Yemen minister says Iranian media shows Tehran ‘behind Houthi escalation in Marib’

Yemen minister says Iranian media shows Tehran ‘behind Houthi escalation in Marib’
The minister also condemned the Houthi militia “continued targeting of residential neighborhoods and civilians in Marib.” (File/AFP)
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Updated 02 March 2021

Yemen minister says Iranian media shows Tehran ‘behind Houthi escalation in Marib’

Yemen minister says Iranian media shows Tehran ‘behind Houthi escalation in Marib’

DUBAI: Yemeni Minister of Information Muammar Al-Eryani said on Monday that Iranian media close to the Supreme leader have reported that Tehran is “behind Houthi escalation in Marib,’ state news agency SABA reported.
He claimed that reports by “Kayhan newspaper” show that Tehran was behind the military escalation of the Houthi militia in Marib, as well as the recent attacks on Saudi Arabia, and the attack on a ship in the Sea of Oman.
Eryani said these attacks were in response to US raids on Iranian militia sites in Syria, and “are additional evidence of Iranian hands in all these events taking place in the region.”
Kayhan newspaper is considered as one of the most conservative Iranian newspapers run by Hossein Shariatmadari, who according to a New York Times report 2007, occupies the official position of representative of the Supreme Leader of Iran.
“The positions issued by Iranian officials and media clearly reveal the true dimensions of the battle taking place on the various fronts of the Yemeni governorate of Marib, and the developments taking place in the region,” he said.
The minister explained that these reports confirm that the Houthi militia “is just a dirty Iranian tool to kill Yemenis, try to destabilize security and stability in the region, threaten the movement of commercial ships and international shipping lines, and implement policies that spread chaos and terrorism in the region.”
He called on the international community and the permanent members of the Security Council to stop Iranian interference in Yemen, and to protect and preserve regional and international peace and security.
The minister also condemned the Houthi militia “continued targeting of residential neighborhoods and civilians in Marib.”
According to the minister, the Houthis recently attacked a densely populated area in Marib with an Iranian-made ballistic missile, which killed civilians and injured seven others and damaged a number of homes.


Israeli media report Israeli-owned ship attacked off UAE coast

Israeli media report Israeli-owned ship attacked off UAE coast
Updated 23 min 33 sec ago

Israeli media report Israeli-owned ship attacked off UAE coast

Israeli media report Israeli-owned ship attacked off UAE coast

An Israeli-owned ship was attacked off the coast of the UAE, Israel's Channel 12 TV reported.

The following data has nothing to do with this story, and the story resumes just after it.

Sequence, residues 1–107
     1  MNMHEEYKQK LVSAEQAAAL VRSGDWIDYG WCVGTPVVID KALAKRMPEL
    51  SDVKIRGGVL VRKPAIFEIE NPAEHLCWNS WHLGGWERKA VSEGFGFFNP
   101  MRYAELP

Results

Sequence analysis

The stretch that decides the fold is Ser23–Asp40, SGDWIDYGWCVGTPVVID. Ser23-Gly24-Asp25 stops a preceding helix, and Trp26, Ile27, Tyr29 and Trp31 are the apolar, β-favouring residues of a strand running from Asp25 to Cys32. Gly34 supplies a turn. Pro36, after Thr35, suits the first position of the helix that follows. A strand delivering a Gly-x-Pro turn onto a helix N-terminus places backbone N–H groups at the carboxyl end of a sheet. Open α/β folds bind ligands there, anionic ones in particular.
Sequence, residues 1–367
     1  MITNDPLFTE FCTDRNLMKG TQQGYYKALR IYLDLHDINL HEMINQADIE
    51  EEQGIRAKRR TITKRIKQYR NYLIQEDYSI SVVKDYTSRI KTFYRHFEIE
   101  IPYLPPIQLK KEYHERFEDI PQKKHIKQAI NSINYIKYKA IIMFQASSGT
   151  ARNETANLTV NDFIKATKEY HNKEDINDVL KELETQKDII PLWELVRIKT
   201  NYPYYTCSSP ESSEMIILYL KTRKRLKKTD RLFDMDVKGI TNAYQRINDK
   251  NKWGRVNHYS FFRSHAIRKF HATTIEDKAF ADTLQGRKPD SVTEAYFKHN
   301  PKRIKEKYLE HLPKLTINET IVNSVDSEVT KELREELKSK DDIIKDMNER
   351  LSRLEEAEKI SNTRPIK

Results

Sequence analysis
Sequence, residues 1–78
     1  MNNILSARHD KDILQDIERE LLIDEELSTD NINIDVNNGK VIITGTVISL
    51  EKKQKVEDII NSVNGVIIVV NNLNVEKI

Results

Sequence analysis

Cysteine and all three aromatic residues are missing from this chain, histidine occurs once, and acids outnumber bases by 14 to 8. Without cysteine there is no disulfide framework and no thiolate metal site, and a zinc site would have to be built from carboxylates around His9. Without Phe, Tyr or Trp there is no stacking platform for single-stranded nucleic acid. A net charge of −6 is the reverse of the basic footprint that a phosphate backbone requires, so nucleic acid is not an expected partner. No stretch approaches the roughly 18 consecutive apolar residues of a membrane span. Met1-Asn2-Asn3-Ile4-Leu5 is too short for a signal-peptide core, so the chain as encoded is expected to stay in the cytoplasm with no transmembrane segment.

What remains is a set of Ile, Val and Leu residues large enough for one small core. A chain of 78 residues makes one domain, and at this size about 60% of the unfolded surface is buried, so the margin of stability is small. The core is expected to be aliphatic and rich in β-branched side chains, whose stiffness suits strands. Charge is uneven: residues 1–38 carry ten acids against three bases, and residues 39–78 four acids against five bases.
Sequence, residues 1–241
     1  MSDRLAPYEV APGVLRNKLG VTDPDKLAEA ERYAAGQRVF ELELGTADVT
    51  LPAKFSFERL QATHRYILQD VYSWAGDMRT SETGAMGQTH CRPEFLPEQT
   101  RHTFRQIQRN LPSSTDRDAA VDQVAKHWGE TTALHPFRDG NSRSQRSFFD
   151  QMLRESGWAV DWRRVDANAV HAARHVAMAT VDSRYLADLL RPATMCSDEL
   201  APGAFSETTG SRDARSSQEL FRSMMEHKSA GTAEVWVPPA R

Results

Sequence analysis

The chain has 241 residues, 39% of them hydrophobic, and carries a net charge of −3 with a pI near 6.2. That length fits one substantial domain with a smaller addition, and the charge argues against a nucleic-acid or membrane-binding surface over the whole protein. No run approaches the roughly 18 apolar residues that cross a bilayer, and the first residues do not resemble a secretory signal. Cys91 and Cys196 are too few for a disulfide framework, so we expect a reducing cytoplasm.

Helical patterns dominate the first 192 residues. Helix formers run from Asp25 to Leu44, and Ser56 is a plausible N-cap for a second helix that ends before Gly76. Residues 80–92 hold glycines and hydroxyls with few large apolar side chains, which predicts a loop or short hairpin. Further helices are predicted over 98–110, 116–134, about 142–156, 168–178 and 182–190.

Unnamed Israeli officials told the channel that they blamed Iran for the attack. There were no casualties in the attack, the report said.

Ship tracking websites showed the Hyperion Ray was on its ways to Fujairah, on the UAE's Arabian Sea coast.

More to follow ...  


Iran to enrich uranium to 60%, highest level ever

Iran to enrich uranium to 60%, highest level ever
Updated 13 April 2021

Iran to enrich uranium to 60%, highest level ever

Iran to enrich uranium to 60%, highest level ever
  • Nuclear negotiator Abbas Araghchi's comments come after attack on Natanz nuclear facility, blamed on Israel
  • Iran had been enriching up to 20% – a short technical step to weapons-grade levels

DUBAI: Iran will begin enriching uranium to 60 percent purity, higher than the program ever has before though still short of weapons grade, after an attack on its Natanz nuclear facility, an Iranian negotiator said Tuesday.
The announcement marks a significant escalation after the sabotage, suspected to have been carried out by Israel. It could result in further action by Israel, whose Prime Minister Benjamin Netanyahu has vowed never to allow Tehran to obtain a nuclear weapon, and further raise tensions across the Mideast.
Nuclear negotiator Abbas Araghchi’s comment, quoted by the state-run IRNA news agency, came after Iran’s foreign minister warned that the weekend assault could hurt ongoing negotiations over its tattered atomic deal with world powers. Those talks are aimed at finding a way for the United States to re-enter the agreement, the goal of which is to limit Iran’s enrichment of uranium in exchange relief on sanctions.
Iran had been enriching up to 20 percent. That is a short technical step to weapons-grade levels of 90 percent.
The International Atomic Energy Agency said it was aware of the media reports but had no comment at the time.
Press TV, the Iranian state television’s English-language arm, separately said that the IAEA had been informed of the move. It said the enrichment would begin as of Wednesday.

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The broadcaster also quoted the negotiator as saying Iran would introduce another 1,000 centrifuges at Natanz, without elaborating.
Iran’s Supreme Leader Ayatollah Ali Khamenei had threatened to go to 60 percent enrichment in February if the country needed.
“We are determined to develop our nuclear capabilities in line with the needs of the country,” Khamenei said then, according to a transcript of his speech published by his website. “For this reason, Iran’s enrichment will not be limited to 20 percent, and we will take whatever action is necessary for the country.”